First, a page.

Power 2010

There's less than three months until a General Election, and I'm trying to get a wee bit excited at the prospect, but I really can't. Compared to the last American election, which was already at fever pitch by this point, I just can't get excited by this election. None of the leaders are very exciting. I can't even really think of a debate about the issues that is really exciting. I am a politically-minded person. I will stay up all night to watch the results. I want to be excited by the prospect of an election, but I'm struggling. The prospect of television debates between the leaders for the first time ever is possibly one thing that might make this more interesting. But the scandal of MP's expenses has lead to such a disillusionment with politics in general there seems a strong danger there will be the lowest turnout ever. Perhaps one way to re-engage us all in politics is some grassroots work for reforming our political system. This is the idea of Powe

Growth and Decline

Peter Whitman, in a letter to The Inquirer , has worked out some numbers for Unitarian membership in the UK. I'm not quite sure how he's done it, perhaps it's not difficult if you want to delve through Annual Reports, but I'm glad he has. Once again, I want to know why such numbers are not publically available and discussed at the Annual Meetings. Here's the numbers: 2005: 3952 2006: 3754 2007: 3711 2008: 3642 These are membership numbers for every Unitarian church in Britain. The numbers are dropping by about 100 people a year. If we follow the graph down we will be extinct in 35 years. Seeing as I am due to retire in 38 years this is certainly somewhat worrying. And of course these kind of statistics rarely behave quite so linearly, so it's much more likely that we'd be looking at extinction in something closer to 20 years. I'm convinced this would be a fascinating study for a religious studies academic: what does a dying denominati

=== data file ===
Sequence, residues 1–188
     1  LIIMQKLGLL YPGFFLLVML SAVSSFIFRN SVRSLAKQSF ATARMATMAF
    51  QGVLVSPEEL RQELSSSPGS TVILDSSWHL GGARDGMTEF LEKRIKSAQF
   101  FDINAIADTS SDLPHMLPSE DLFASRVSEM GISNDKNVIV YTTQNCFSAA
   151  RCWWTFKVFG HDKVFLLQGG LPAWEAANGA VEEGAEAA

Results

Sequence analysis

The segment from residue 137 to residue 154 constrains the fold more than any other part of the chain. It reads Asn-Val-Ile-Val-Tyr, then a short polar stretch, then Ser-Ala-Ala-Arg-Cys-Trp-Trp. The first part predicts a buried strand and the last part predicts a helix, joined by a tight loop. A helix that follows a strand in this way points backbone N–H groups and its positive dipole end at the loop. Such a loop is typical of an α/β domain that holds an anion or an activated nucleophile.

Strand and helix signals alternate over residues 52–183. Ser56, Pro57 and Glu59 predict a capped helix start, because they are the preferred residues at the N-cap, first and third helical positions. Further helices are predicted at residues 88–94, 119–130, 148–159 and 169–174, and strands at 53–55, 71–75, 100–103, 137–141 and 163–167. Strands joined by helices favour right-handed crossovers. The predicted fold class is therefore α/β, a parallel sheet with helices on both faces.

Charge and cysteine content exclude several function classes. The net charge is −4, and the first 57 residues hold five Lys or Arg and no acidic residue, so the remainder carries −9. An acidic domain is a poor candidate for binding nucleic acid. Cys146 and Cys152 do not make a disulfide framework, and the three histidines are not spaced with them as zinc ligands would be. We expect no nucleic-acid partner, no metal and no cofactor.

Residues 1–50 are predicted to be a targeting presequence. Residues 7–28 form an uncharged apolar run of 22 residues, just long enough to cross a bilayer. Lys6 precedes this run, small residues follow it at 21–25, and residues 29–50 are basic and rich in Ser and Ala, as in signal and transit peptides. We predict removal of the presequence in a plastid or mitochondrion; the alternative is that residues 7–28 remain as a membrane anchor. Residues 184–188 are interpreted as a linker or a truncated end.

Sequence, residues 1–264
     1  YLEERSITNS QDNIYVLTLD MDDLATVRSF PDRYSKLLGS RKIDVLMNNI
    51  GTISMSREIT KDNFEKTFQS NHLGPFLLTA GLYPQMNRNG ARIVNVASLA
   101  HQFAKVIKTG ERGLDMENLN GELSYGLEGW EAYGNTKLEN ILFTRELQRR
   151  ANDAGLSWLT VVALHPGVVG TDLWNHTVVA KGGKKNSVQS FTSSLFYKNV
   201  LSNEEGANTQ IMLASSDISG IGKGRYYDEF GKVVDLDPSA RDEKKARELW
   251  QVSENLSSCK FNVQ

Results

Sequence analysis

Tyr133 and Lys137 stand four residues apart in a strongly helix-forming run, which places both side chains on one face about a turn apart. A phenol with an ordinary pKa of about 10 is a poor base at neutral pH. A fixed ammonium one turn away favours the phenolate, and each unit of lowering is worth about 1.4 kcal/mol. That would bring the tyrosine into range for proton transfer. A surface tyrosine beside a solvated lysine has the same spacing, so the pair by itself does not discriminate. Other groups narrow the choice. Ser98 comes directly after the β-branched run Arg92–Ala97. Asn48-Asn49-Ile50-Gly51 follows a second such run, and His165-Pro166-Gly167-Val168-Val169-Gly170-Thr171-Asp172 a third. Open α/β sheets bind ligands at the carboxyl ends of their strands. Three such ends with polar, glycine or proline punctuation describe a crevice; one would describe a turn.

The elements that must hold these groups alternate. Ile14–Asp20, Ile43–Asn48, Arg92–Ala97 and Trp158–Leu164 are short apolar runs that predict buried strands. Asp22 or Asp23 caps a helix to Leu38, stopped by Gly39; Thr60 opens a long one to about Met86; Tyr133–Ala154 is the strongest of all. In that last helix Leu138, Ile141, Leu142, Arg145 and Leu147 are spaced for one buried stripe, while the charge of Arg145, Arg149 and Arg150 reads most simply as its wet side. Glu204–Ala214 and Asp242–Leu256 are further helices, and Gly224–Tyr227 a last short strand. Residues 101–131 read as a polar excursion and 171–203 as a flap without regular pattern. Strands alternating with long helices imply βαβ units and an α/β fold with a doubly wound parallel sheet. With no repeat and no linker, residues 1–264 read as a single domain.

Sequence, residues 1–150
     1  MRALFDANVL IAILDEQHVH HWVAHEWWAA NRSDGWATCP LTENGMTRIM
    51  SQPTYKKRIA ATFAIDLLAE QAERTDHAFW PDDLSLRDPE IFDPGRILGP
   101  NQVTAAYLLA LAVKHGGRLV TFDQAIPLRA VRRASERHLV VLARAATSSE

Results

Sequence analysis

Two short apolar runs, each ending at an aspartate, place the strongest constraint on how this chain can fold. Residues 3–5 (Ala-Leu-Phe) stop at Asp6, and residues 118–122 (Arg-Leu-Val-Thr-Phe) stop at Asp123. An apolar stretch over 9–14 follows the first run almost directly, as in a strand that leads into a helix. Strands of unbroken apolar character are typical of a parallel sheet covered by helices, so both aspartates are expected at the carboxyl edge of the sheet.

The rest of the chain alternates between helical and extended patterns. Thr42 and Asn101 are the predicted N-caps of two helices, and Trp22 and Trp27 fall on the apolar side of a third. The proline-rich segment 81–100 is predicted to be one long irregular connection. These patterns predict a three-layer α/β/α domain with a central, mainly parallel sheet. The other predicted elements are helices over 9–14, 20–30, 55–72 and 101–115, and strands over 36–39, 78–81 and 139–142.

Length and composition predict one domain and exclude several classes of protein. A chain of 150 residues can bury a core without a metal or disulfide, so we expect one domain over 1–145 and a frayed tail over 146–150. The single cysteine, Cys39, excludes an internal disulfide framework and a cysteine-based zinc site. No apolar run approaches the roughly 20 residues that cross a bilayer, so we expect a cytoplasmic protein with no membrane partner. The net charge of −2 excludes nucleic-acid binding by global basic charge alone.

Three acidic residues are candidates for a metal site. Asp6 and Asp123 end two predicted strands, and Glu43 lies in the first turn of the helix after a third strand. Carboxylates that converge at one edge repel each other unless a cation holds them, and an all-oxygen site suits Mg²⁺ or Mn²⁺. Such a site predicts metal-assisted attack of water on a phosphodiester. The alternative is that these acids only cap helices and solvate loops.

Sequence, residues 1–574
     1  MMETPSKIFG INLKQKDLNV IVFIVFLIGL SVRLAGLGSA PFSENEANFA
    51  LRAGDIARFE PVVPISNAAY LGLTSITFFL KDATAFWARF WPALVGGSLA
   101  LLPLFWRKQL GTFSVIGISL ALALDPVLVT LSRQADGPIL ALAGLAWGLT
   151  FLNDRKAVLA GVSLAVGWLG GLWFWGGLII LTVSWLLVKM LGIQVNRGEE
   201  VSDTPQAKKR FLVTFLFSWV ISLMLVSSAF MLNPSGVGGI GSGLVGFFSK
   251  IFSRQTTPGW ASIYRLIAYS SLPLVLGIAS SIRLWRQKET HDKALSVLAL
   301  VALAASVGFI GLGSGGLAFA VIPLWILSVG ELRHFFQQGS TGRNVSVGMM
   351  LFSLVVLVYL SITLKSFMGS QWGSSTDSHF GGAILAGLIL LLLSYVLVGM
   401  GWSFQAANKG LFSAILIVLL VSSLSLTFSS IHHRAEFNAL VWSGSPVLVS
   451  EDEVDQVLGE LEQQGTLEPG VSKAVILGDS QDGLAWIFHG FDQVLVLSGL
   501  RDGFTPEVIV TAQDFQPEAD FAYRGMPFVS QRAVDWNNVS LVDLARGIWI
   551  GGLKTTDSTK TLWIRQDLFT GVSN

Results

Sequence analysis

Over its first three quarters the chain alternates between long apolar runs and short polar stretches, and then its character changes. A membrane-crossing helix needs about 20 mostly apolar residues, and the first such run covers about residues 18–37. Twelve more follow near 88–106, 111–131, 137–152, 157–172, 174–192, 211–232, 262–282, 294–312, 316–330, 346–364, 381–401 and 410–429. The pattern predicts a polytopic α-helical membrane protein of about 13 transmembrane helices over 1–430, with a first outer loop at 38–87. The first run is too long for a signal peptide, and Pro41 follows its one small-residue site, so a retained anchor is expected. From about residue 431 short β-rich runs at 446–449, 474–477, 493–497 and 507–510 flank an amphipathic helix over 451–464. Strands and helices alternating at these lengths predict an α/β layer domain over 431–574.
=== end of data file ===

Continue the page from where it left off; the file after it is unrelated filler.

"The religion of the future"

As I sit at home this morning, waiting for a delivery of a new power cord for my laptop (the old one is frayed and crackling vaguley when I move it - not good) I thought I'd offer some reflections. I'm thinking about the silliness of liberalism, liberals can be very silly sometimes. Despite trying to be rational and sensible liberals can convince themselves of their own stories through the momentum of their own myths as much as anyone. But when we examine these things we can find their foundations very shaky. One of the myths that religious liberals tell themselves is that we are "the religion of the future." We tell ourselves that society is changing dramatically and that we are so much more in tune with society, and the way things are going that we are bound to become the dominant religion very soon. The trouble is, when you examine this you find that people have been saying this for at least 200 years. Thomas Jefferson was sure that all of America would become U